Tesla gets $330 million tax break for Nevada expansion

Tesla won more than $330 million in tax breaks from Nevada on Thursday for the company’s commitment to a major expansion of its sprawling vehicle battery facility east of Reno, including construction of a new electric semi-truck factory.

The approval from the Governor’s Office of Economic Development came as Gov. Joe Lombardo cited the benefits of good-paying jobs and a nearly decade of local economic development around Tesla’s massive Gigafactory.

“Tesla has far exceeded every promise they made back in 2014,” said Lombardo, a Republican who chairs the board made up of top elected state, education and business officials.

The agreement is the latest to mark Northern Nevada as a centerpiece of the US transition to green energy, as the administration of Democratic President Joe Biden seeks to move away from gas-powered vehicles in a larger fight. against climate change.

Lombardo took office in January and proposed a two-year state budget of $11 billion. He tweeted a photo of himself January 24 with Tesla CEO Elon Musk in the industrial park east of Reno-Sparks and called the pending deal “an incredible investment in our state.” Musk also owns it Twitter and the rocket company SpaceX.

However, the $330 million figure remains secret until monday because of a nondisclosure agreement between Tesla and state officials.

That drew complaints from some lawmakers in the Democratic-controlled state Legislature about having only three days to review a 20-year tax cut.

“There is little or no opportunity to explore how this deal will affect the supply of housing, public schools, public safety, and other important government services in the region,” Sen. Dina Neal said in a statement. The Democrat from North Las Vegas is the chair of the Chamber’s Revenue and Economic Development Committee. Neal did not immediately respond Thursday to messages seeking further comment.

Lombardo’s statement said Tesla spent $6.2 billion on the existing 5.4 million square foot (501,676-square-meter) Gigafactory, which the governor said provides 17,000 construction jobs and more than 11,000 “high-paying permanent jobs.”

Tesla plans to make another $3.6 billion in capital investments, creating 3,000 new jobs at an average hourly rate of $33.49 with health insurance for 91% of its employees.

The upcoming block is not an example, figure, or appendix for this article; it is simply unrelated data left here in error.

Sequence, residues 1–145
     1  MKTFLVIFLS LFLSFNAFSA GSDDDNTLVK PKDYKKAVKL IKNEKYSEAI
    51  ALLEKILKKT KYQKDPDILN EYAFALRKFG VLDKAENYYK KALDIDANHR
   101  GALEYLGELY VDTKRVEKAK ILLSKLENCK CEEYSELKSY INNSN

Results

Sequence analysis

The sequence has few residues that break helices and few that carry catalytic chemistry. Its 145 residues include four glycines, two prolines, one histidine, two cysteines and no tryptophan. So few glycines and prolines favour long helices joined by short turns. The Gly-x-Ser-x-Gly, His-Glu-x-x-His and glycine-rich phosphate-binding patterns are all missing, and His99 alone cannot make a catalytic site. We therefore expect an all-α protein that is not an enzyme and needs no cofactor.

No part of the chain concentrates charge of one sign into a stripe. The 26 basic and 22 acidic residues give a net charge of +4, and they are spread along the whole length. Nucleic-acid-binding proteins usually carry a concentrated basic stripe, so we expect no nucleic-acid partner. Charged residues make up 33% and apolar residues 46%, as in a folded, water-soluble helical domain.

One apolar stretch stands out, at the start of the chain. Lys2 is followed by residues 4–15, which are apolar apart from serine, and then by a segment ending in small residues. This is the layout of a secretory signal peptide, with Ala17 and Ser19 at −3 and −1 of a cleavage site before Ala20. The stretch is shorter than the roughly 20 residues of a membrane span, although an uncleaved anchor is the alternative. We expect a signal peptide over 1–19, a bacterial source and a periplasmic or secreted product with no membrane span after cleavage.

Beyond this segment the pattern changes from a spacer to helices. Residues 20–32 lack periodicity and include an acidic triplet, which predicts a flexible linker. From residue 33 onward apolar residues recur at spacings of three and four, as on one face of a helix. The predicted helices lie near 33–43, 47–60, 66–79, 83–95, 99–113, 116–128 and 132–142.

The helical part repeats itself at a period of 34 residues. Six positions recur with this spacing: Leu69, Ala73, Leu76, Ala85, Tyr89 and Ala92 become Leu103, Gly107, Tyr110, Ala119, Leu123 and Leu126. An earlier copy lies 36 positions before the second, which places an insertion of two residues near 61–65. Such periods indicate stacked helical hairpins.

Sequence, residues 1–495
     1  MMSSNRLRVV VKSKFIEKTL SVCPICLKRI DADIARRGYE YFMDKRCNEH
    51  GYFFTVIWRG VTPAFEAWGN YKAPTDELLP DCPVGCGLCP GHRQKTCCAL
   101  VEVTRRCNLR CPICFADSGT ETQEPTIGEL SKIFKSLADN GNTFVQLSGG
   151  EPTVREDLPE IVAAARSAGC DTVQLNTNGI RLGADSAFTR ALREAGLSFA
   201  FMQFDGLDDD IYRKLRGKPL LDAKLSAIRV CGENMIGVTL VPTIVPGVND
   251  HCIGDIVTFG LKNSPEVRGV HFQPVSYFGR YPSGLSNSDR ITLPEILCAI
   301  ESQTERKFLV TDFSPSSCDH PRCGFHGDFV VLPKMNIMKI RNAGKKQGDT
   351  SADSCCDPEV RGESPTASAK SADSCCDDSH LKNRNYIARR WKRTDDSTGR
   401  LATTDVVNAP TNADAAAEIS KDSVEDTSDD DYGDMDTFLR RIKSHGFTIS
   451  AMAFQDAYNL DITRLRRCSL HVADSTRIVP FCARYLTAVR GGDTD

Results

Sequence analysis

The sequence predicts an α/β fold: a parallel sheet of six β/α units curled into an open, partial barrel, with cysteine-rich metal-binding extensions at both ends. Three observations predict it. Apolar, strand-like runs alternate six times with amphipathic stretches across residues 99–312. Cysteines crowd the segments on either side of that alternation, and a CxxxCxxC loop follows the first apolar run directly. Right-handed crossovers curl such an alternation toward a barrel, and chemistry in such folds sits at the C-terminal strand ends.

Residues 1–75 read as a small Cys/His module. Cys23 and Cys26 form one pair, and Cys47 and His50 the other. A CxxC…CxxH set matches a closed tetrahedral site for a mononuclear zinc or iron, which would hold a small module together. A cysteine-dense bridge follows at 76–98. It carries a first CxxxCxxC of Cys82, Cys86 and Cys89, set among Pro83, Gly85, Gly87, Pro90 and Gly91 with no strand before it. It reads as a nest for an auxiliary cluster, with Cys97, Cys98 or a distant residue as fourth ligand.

The company plans to add 4 million square feet (371,612 square meters) of production space at two new factories in the Truckee-Reno Industrial Center, about 20 miles (32 kilometers) east of Reno-Sparks on Interstate 80.

One plant has the capacity to produce batteries for 1.5 million light-duty vehicles a year, the company said. One has Tesla’s first production line for electric hybrid trucks. Musk said the goal is a battery range of 500 miles (805 kilometers) when towing an 82,000-pound (37,000-kilogram) load.

Public support for the deal came from the White House and Mitch Landrieu, Biden’s infrastructure chief; from the University of Nevada, Reno President Brian Sandoval, a Republican who as governor of Nevada approved an initial $1.3 billion Tesla abatement deal in 2014; and a factory preschool that said it would expand its hours to accommodate the workers.

Three elected lawmakers in rural Storey County, where the Tesla factory is located, praised the region’s economic benefits. But they said the county, which has only 4,100 permanent residents, deserves more tax revenue to support infrastructure and services including police, fire and EMS.

Tom Burns, executive director of the Governor’s Office of Economic Development, said in a statement that Tesla’s Gigafactory is driving the state’s manufacturing industry and establishing lithium-ion batteries as the state’s eighth largest export.

A Nevada-based recycling plant for electric vehicle batteries won a $2 billion green energy loan from the Biden administration in February.

On Wednesday, a federal appeals court refused to block the construction of the largest lithium mine in the US, which is set to be dug in Northern Nevada, while the court considers the claims of conservationists and tribes that the government illegally approved it to rush the production of raw materials for electric batteries auto.

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